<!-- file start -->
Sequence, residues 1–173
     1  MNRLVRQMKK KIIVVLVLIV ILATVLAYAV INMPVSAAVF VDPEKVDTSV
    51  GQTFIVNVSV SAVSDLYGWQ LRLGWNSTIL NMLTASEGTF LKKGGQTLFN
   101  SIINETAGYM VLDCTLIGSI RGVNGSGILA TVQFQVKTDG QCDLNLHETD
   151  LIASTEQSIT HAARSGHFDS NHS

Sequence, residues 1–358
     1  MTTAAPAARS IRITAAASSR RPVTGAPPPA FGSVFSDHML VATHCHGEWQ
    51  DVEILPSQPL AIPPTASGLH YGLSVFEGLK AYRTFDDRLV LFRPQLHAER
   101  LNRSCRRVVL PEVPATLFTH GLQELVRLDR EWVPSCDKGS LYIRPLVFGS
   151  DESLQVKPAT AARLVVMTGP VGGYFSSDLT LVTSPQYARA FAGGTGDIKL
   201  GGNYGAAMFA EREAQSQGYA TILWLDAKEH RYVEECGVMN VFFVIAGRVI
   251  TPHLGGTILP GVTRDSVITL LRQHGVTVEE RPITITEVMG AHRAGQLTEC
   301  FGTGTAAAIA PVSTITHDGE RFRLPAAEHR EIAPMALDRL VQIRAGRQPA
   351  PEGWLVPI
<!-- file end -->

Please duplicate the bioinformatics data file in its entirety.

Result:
Sequence, residues 1–173
     1  MNRLVRQMKK KIIVVLVLIV ILATVLAYAV INMPVSAAVF VDPEKVDTSV
    51  GQTFIVNVSV SAVSDLYGWQ LRLGWNSTIL NMLTASEGTF LKKGGQTLFN
   101  SIINETAGYM VLDCTLIGSI RGVNGSGILA TVQFQVKTDG QCDLNLHETD
   151  LIASTEQSIT HAARSGHFDS NHS

Sequence, residues 1–358
     1  MTTAAPAARS IRITAAASSR RPVTGAPPPA FGSVFSDHML VATHCHGEWQ
    51  DVEILPSQPL AIPPTASGLH YGLSVFEGLK AYRTFDDRLV LFRPQLHAER
   101  LNRSCRRVVL PEVPATLFTH GLQELVRLDR EWVPSCDKGS LYIRPLVFGS
   151  DESLQVKPAT AARLVVMTGP VGGYFSSDLT LVTSPQYARA FAGGTGDIKL
   201  GGNYGAAMFA EREAQSQGYA TILWLDAKEH RYVEECGVMN VFFVIAGRVI
   251  TPHLGGTILP GVTRDSVITL LRQHGVTVEE RPITITEVMG AHRAGQLTEC
   301  FGTGTAAAIA PVSTITHDGE RFRLPAAEHR EIAPMALDRL VQIRAGRQPA
   351  PEGWLVPI